We race down the runway. At the last second we are airborne. We climb and climb and climb. Then we bank into huge turns. At last we circle into "V" formations. We meet up with other C-47 planes, and then other planes meet up with us. The sky is full of planes. I look out the open door. We are still over England, and all I can say is, "What a sight! What a sight!"
It has been said that we flew nine planes abreast and that we reached back for two hundred miles. We are told that four hundred ninety C-47 planes carried six thousand, six hundred paratroopers from the 101st Airborne Division alone. Besides our division, the U.S. 82nd Airborne Division and the British 6th Airborne Division were in the air that night. The total number of paratroopers to come down from the sky over Normandy some five hours before the start of D-day will be eighteen thousand, three hundred. The ships under us in the English channel were five thousand strong. Then there were fighter and bomber planes above us. It was a sight that man will never see again. To live to tell about it is a marvelous thing . . .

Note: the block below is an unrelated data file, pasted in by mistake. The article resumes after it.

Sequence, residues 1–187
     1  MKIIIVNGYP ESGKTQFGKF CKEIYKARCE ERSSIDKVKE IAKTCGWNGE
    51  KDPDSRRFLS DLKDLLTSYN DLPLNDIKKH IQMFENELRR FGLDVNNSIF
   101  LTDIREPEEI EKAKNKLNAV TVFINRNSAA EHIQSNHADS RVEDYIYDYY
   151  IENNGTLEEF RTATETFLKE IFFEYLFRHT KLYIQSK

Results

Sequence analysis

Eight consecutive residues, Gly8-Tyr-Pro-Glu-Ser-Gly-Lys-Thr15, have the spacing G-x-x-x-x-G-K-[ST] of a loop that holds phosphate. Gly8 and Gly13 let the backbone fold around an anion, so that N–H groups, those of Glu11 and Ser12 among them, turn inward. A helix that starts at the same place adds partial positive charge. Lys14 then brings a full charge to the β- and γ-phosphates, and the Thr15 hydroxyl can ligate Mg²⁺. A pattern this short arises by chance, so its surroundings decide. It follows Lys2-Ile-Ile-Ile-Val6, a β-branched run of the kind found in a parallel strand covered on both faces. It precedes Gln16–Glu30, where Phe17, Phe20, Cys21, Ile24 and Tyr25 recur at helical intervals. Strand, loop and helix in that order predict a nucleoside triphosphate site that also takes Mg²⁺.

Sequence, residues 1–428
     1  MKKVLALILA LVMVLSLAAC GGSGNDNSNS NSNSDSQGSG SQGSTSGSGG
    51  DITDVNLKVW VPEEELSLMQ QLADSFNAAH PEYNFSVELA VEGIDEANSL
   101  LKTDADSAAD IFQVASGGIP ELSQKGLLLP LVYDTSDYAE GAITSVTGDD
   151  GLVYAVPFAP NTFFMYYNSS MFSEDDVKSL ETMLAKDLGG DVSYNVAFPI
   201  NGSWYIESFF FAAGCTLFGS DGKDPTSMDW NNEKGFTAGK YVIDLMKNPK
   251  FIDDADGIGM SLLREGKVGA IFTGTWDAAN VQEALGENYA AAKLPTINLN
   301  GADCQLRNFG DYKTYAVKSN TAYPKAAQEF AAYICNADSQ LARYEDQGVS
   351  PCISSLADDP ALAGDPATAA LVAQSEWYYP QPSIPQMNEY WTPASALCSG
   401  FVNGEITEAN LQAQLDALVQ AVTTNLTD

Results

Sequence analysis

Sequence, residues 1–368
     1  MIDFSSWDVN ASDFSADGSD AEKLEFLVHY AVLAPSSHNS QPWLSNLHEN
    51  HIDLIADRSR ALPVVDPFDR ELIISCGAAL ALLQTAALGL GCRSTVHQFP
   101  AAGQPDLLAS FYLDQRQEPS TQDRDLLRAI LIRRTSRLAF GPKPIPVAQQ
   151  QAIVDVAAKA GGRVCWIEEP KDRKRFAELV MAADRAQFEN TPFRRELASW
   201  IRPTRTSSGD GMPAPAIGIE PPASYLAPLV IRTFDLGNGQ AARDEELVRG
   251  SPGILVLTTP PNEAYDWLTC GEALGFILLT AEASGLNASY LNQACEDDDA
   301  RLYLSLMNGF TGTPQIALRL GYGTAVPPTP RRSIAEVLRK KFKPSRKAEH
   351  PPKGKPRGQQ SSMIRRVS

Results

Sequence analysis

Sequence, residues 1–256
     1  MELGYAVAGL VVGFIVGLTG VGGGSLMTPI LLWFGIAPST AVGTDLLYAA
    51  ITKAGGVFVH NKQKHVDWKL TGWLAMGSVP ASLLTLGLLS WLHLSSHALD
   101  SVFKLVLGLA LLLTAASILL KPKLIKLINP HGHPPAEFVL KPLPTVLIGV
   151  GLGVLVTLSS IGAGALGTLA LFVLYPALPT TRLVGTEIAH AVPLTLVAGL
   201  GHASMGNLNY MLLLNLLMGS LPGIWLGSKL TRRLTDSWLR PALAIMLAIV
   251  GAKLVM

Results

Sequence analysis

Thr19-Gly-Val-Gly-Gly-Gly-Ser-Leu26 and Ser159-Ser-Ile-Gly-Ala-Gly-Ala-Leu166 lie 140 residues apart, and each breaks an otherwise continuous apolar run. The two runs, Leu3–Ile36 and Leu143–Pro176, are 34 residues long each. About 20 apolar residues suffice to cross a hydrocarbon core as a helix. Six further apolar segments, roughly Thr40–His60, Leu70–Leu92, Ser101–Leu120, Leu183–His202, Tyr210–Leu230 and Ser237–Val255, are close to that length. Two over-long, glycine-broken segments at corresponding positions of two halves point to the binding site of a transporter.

Nothing was said or done by any of the men in the plane on that flight to Normandy. Once I sat back in my seat after looking out the door, I did not get up again. I did not sleep as some men did-or appeared to do. I did not talk to anyone, nor did anyone else talk. No one got sick, either. It was an uneventful flight. I remember saying a prayer to my God and asking Him to bless all of my people. I asked God to forgive me for what I was about to do to the Germans. And I was gracious enough to ask Him to have mercy on them, for I felt the average German did not know what he had done . . .
(from chapter 3, Normandy!)
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